Kent State Ashtabula Digital Commons Collection Showcases Ohio Wine Industry

A team at Kent State University at Ashtabula has started a Digital Commons collection to showcase the Ohio wine industry.

Amy Thomas, the library director at Kent State Ashtabula; Danielle Weiser-Cline, advisor and recruiter for Kent State Ashtabula’s wine degree program; and Lori Lee, senior special assistant of academic affairs, began collecting materials from Ohio’s winemakers before the site went live last summer.

The public site chronicles Ohio’s long-standing tradition of enology, the study of wine and winemaking, which has boosted it into the top 10 wine-producing states.

“It’s the digital story of the Ohio wine industry told through photos, letters and interviews,” Ms. Thomas says.

Elizabeth Richardson, Kent State associate professor and manager for University Libraries’ Document Delivery and Institutional Repository, approached Ms. Thomas about creating an Ohio wine collection on Digital Commons, an online space of information and knowledge resources created and owned or shared by Kent State’s academic community.The Digital Commons showcases the history of wineries in the state.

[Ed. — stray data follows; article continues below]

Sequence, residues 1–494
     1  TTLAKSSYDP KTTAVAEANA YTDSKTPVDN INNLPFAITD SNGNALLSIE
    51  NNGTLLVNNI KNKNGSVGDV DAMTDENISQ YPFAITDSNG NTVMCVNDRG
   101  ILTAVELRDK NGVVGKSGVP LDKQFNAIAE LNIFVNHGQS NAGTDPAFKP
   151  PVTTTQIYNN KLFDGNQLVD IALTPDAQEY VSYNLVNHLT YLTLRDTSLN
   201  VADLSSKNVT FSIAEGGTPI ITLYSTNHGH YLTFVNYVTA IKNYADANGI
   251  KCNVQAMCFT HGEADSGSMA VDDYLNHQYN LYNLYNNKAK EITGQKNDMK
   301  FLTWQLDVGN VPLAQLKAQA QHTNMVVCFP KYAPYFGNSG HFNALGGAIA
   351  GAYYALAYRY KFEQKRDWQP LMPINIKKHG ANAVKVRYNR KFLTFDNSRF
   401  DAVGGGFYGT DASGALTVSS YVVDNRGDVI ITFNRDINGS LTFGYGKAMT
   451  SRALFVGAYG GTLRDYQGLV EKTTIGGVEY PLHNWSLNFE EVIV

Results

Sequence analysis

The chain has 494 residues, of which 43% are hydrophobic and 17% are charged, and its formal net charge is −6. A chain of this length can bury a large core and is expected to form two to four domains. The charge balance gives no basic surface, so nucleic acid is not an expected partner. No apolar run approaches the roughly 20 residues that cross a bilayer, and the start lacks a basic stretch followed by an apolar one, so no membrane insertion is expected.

“Ashtabula is the only campus in Ohio that offers an associate degree in both winemaking and grape growing,” Ms. Thomas says. “It makes sense for our campus to promote this collection. We have the connections with wine leaders, winemakers and wine industry groups, and this collection provides them with a unique way to tell their story.”

The project has given the team the opportunity to travel the state to collect stories and memorabilia from winemakers all over Ohio.

“We have designed it so that there’s interesting commentary and stories to accompany the photos and other materials in the collection,” Ms. Thomas says. “We have also recently added winemaker interviews to the Digital Commons that focus on the history of the industry and technical videos created by our students on the winemaking process.”

Ms. Weiser-Cline says that the winemakers they have met with have been excited about the process and have been very willing to share personal items and tell their individual stories.

“It has really helped create wonderful relationships for us and our students,” Ms. Weiser-Cline says. “This project has opened doors for some of our students to start working with these winemakers.”

The team hopes that they will be able to continue to showcase the wineries and winemakers, and help visitors of the site understand the unique stories they have to tell.

For more information about the Digital Commons Ohio Wine Collections, visit

Learn more about Kent State Ashtabula’s viticulture and enology degrees

POSTED: Friday, October 13, 2017 09:36 AM
Updated: Thursday, December 8, 2022 11:32 PM
Carly Evans